Responses of the microbiota to diet are highly personalized but mechanistically not well understood because many metabolic capabilities and interactions of human gut microorganisms are unknown. Here we show that sulfoquinovose (SQ), a sulfonated monosaccharide omnipresent in green vegetables, is a selective yet relevant substrate for few but ubiquitous bacteria in the human gut. In human feces and in defined co-culture, Eubacterium rectale and Bilophila wadsworthia used recently identified pathways to cooperatively catabolize SQ with 2,3-dihydroxypropane-1-sulfonate as a transient intermediate to hydrogen sulfide (H2S), a key intestinal metabolite with disparate effects on host health. SQ-degradation capability is encoded in almost half of E. rectale genomes but otherwise sparsely distributed among microbial species in the human intestine. However, re-analysis of fecal metatranscriptome datasets of four human cohorts showed that SQ degradation (mostly from E. rectale and Faecalibacterium prausnitzii) and H2S production (mostly from B. wadsworthia) pathways were expressed abundantly across various health states, demonstrating that these microbial functions are core attributes of the human gut. The discovery of green-diet-derived SQ as an exclusive microbial nutrient and an additional source of H2S in the human gut highlights the role of individual dietary compounds and organosulfur metabolism on microbial activity and has implications for precision editing of the gut microbiota by dietary and prebiotic interventions.

Sulfoquinovose is a select nutrient of prominent bacteria and a source of hydrogen sulfide in the human gut / Hanson, Buck T; Dimitri Kits, K; Löffler, Jessica; Burrichter, Anna G; Fiedler, Alexander; Denger, Karin; Frommeyer, Benjamin; Herbold, Craig W; Rattei, Thomas; Karcher, Nicolai; Segata, Nicola; Schleheck, David; Loy, Alexander. - In: THE ISME JOURNAL. - ISSN 1751-7362. - 15:9(2021), pp. 2779-2791. [10.1038/s41396-021-00968-0]

Sulfoquinovose is a select nutrient of prominent bacteria and a source of hydrogen sulfide in the human gut

Karcher, Nicolai;Segata, Nicola;
2021-01-01

Abstract

Responses of the microbiota to diet are highly personalized but mechanistically not well understood because many metabolic capabilities and interactions of human gut microorganisms are unknown. Here we show that sulfoquinovose (SQ), a sulfonated monosaccharide omnipresent in green vegetables, is a selective yet relevant substrate for few but ubiquitous bacteria in the human gut. In human feces and in defined co-culture, Eubacterium rectale and Bilophila wadsworthia used recently identified pathways to cooperatively catabolize SQ with 2,3-dihydroxypropane-1-sulfonate as a transient intermediate to hydrogen sulfide (H2S), a key intestinal metabolite with disparate effects on host health. SQ-degradation capability is encoded in almost half of E. rectale genomes but otherwise sparsely distributed among microbial species in the human intestine. However, re-analysis of fecal metatranscriptome datasets of four human cohorts showed that SQ degradation (mostly from E. rectale and Faecalibacterium prausnitzii) and H2S production (mostly from B. wadsworthia) pathways were expressed abundantly across various health states, demonstrating that these microbial functions are core attributes of the human gut. The discovery of green-diet-derived SQ as an exclusive microbial nutrient and an additional source of H2S in the human gut highlights the role of individual dietary compounds and organosulfur metabolism on microbial activity and has implications for precision editing of the gut microbiota by dietary and prebiotic interventions.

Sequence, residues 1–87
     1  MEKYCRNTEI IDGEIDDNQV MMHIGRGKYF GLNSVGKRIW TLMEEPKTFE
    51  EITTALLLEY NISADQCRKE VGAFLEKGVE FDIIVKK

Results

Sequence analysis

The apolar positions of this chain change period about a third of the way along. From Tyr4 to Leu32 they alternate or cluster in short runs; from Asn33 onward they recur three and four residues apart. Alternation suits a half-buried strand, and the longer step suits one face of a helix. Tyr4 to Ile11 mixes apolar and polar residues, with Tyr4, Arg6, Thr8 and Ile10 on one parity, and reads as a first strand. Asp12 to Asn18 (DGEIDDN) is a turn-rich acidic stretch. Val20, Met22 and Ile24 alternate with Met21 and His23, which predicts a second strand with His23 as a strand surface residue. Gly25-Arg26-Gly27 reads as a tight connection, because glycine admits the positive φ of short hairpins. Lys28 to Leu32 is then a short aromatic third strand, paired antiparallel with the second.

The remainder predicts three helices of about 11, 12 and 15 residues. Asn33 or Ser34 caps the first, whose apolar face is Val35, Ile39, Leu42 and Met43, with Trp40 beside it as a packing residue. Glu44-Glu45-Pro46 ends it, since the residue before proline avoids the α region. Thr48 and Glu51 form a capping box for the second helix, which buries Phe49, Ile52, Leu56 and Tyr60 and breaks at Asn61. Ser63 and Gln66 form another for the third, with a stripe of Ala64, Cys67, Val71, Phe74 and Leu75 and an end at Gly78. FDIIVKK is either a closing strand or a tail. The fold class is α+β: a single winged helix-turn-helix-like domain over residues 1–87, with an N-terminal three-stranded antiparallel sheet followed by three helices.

2021
9
Hanson, Buck T; Dimitri Kits, K; Löffler, Jessica; Burrichter, Anna G; Fiedler, Alexander; Denger, Karin; Frommeyer, Benjamin; Herbold, Craig W; Rattei, Thomas; Karcher, Nicolai; Segata, Nicola; Schleheck, David; Loy, Alexander
Sulfoquinovose is a select nutrient of prominent bacteria and a source of hydrogen sulfide in the human gut / Hanson, Buck T; Dimitri Kits, K; Löffler, Jessica; Burrichter, Anna G; Fiedler, Alexander; Denger, Karin; Frommeyer, Benjamin; Herbold, Craig W; Rattei, Thomas; Karcher, Nicolai; Segata, Nicola; Schleheck, David; Loy, Alexander. - In: THE ISME JOURNAL. - ISSN 1751-7362. - 15:9(2021), pp. 2779-2791. [10.1038/s41396-021-00968-0]
File in questo prodotto:
File Dimensione Formato  
s41396-021-00968-0 (1).pdf

accesso aperto

Tipologia: Versione editoriale (Publisher’s layout)
Licenza: Creative commons
Dimensione 2.67 MB
Formato Adobe PDF
2.67 MB Adobe PDF Visualizza/Apri

I documenti in IRIS sono protetti da copyright e tutti i diritti sono riservati, salvo diversa indicazione

Utilizza questo identificativo per citare o creare un link a questo documento: https://hdl.handle.net/11572/355069
Citazioni
  • ???jsp.display-item.citation.pmc??? 11
  • Scopus 29
  • ???jsp.display-item.citation.isi??? 29
social impact